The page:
Signing Stored Procedures in SQL Server
A digital signature is a data digest encrypted with the private key of the signer. The private key ensures that the digital signature is unique to its bearer or owner. You can sign stored procedures, functions (except for inline table-valued functions), triggers, and assemblies.
You can sign a stored procedure with a certificate or an asymmetric key. This is designed for scenarios when permissions cannot be inherited through ownership chaining or when the ownership chain is broken, such as dynamic SQL. You can then create a user mapped to the certificate, granting the certificate user permissions on the objects the stored procedure needs to access.
You can also create a login mapped to the same certificate, and then grant any necessary server-level permissions to that login, or add the login to one or more of the fixed server roles. This is designed to avoid enabling the
TRUSTWORTHY database setting for scenarios in which higher level permissions are needed.
When the stored procedure is executed, SQL Server combines the permissions of the certificate user and/or login with those of the caller. Unlike the
EXECUTE AS clause, it does not change the execution context of the procedure. Built-in functions that return login and user names return the name of the caller, not the certificate user name.
When you sign a stored procedure with a certificate or asymmetric key, a data digest consisting of the encrypted hash of the stored procedure code, along with the execute-as user, is created using the private key. At run time, the data digest is decrypted with the public key and compared with the hash value of the stored procedure. Changing the execute-as user invalidates the hash value so that the digital signature no longer matches. Modifying the stored procedure drops the signature entirely, which prevents someone who does not have access to the private key from changing the stored procedure code. In either case, you must re-sign the procedure each time you change the code or the execute-as user.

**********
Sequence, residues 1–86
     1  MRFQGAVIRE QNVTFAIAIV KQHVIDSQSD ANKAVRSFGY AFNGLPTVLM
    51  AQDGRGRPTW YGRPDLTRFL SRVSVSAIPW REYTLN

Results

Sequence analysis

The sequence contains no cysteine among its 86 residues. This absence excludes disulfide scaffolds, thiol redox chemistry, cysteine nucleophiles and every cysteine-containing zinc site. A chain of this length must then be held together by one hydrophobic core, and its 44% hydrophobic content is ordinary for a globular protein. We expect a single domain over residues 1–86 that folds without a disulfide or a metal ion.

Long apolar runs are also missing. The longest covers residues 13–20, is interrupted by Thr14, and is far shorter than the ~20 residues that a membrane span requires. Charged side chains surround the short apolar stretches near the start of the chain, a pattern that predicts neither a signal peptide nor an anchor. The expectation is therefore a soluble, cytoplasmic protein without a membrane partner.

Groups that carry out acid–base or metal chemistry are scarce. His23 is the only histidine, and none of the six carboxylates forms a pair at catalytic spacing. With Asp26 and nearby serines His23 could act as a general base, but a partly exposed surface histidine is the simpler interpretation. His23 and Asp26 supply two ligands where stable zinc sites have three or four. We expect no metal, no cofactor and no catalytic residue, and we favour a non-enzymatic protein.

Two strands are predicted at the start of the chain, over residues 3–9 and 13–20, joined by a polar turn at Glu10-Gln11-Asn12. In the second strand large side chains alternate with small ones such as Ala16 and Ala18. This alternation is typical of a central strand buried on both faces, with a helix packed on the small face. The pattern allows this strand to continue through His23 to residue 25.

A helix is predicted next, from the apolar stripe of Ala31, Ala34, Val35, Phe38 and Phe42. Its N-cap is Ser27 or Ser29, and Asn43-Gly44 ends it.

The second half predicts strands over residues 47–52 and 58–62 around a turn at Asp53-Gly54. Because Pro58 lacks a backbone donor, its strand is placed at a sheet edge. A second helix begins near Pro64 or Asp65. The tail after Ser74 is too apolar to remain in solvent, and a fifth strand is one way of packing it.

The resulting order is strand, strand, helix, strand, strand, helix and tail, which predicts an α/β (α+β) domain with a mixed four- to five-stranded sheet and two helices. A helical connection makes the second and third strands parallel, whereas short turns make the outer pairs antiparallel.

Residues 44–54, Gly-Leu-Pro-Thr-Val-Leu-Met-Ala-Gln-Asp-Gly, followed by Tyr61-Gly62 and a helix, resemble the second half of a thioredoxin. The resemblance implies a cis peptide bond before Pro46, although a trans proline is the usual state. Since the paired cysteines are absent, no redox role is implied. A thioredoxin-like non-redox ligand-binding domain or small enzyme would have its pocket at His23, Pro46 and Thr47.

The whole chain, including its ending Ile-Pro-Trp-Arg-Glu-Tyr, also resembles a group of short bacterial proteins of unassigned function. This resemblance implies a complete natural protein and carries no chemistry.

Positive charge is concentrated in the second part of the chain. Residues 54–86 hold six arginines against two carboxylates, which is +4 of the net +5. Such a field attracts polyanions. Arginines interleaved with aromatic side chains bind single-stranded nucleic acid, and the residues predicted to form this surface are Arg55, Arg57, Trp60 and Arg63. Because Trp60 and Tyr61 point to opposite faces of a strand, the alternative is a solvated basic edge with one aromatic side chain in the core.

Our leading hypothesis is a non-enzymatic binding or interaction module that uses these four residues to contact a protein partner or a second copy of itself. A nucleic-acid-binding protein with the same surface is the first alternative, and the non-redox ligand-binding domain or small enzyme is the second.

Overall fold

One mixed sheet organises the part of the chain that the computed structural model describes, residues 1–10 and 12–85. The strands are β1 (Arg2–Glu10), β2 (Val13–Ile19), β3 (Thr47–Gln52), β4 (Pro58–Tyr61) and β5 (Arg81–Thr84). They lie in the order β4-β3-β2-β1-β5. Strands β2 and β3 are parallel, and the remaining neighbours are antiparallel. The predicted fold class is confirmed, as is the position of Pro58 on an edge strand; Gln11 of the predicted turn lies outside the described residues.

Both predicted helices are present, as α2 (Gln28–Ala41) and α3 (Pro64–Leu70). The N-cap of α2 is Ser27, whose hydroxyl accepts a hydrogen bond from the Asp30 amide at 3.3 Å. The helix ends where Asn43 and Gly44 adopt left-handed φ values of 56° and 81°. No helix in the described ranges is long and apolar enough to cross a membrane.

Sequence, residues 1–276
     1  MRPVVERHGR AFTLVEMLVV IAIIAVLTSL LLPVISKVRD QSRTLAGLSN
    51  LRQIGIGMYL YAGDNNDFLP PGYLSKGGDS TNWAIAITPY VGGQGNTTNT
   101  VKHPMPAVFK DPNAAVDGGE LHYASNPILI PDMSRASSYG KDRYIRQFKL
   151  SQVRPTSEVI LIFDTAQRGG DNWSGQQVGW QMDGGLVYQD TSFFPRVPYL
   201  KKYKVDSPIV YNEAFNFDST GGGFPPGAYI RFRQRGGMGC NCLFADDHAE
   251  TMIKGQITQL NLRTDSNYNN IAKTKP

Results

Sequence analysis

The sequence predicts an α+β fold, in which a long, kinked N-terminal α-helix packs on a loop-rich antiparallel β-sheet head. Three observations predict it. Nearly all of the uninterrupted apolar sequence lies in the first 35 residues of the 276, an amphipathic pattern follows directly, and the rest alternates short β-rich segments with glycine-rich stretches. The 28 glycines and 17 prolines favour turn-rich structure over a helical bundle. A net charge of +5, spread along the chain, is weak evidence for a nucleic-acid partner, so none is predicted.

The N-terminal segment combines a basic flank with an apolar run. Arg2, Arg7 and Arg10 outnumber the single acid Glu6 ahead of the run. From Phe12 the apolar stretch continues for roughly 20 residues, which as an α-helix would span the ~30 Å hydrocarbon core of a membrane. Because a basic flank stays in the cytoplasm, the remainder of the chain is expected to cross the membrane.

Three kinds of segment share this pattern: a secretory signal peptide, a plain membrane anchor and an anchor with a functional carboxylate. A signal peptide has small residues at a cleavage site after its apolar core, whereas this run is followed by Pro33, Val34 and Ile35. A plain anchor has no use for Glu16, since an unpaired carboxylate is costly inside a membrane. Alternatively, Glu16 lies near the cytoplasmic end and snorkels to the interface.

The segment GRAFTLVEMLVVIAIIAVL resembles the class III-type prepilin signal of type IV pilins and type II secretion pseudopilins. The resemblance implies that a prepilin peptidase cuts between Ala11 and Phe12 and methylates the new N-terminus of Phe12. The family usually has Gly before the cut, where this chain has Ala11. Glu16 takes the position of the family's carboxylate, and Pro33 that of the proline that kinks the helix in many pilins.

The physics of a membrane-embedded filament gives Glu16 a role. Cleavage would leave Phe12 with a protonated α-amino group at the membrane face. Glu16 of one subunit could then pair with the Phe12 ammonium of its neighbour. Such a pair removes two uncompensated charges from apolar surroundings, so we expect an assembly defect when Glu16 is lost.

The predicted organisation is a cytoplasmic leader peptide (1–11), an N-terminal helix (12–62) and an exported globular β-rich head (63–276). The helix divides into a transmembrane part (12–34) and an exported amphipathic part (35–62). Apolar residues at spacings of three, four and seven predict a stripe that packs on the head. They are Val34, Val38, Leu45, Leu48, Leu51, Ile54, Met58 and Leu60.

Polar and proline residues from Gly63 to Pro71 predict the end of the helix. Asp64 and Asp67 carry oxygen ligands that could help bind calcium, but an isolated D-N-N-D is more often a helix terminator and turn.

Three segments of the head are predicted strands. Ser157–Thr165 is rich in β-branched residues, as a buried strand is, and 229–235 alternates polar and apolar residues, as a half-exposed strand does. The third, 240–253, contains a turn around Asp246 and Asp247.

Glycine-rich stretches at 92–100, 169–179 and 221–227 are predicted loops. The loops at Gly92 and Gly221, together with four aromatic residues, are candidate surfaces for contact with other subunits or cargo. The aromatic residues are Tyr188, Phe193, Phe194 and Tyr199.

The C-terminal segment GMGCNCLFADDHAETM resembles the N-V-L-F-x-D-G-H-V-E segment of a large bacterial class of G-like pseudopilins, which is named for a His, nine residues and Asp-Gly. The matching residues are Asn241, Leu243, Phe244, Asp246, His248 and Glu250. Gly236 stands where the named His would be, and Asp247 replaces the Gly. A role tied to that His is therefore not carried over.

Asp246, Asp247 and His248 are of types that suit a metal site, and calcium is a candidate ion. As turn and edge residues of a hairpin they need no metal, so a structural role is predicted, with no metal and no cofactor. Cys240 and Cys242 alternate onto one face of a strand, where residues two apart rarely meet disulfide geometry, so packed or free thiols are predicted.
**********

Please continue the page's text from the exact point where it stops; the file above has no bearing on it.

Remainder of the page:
There are two required steps involved in signing a module:
Create a certificate using the Transact-SQL
CREATE CERTIFICATE [certificateName]statement. This statement has several options for setting a start and end date and a password. The default expiration date is one year.
Sign the procedure with the certificate using the Transact-SQL
ADD SIGNATURE TO [procedureName] BY CERTIFICATE [certificateName]statement.
Once the module has been signed, one or more principals needs to be created in order to hold the additional permissions that should be associated with the certificate.
If the module needs additional database-level permissions:
Create a database user associated with that certificate using the Transact-SQL
CREATE USER [userName] FROM CERTIFICATE [certificateName]statement. This user exists in the database only and is not associated with a login unless a login has also been created from that same certificate.
Grant the certificate user the required database-level permissions.
If the module needs additional server-level permissions:
Copy the certificate to the
Create a login associated with that certificate using the Transact-SQL
CREATE LOGIN [userName] FROM CERTIFICATE [certificateName]statement.
Grant the certificate login the required server-level permissions.
A certificate cannot grant permissions to a user that has had permissions revoked using the DENY statement. DENY always takes precedence over GRANT, preventing the caller from inheriting permissions granted to the certificate user.
For more information, see the following resources.
|Module Signing in SQL Server Books Online||Describes module signing, providing a sample scenario and links to the relevant Transact-SQL topics.|
|Signing Stored Procedures with a Certificate in SQL Server Books Online||Provides a tutorial for signing a stored procedure with a certificate.|
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